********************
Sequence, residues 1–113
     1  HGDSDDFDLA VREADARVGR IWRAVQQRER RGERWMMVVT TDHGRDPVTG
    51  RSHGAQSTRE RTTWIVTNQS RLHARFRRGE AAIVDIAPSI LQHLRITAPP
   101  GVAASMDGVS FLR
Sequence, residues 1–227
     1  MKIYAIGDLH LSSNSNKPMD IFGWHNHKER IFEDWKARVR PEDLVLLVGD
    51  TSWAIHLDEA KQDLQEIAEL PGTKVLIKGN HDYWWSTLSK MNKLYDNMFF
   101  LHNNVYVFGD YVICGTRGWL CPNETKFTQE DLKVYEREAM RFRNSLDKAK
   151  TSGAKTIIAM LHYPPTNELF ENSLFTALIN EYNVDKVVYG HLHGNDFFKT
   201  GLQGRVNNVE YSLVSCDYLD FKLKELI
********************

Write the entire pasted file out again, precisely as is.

Sequence, residues 1–113
     1  HGDSDDFDLA VREADARVGR IWRAVQQRER RGERWMMVVT TDHGRDPVTG
    51  RSHGAQSTRE RTTWIVTNQS RLHARFRRGE AAIVDIAPSI LQHLRITAPP
   101  GVAASMDGVS FLR
Sequence, residues 1–227
     1  MKIYAIGDLH LSSNSNKPMD IFGWHNHKER IFEDWKARVR PEDLVLLVGD
    51  TSWAIHLDEA KQDLQEIAEL PGTKVLIKGN HDYWWSTLSK MNKLYDNMFF
   101  LHNNVYVFGD YVICGTRGWL CPNETKFTQE DLKVYEREAM RFRNSLDKAK
   151  TSGAKTIIAM LHYPPTNELF ENSLFTALIN EYNVDKVVYG HLHGNDFFKT
   201  GLQGRVNNVE YSLVSCDYLD FKLKELI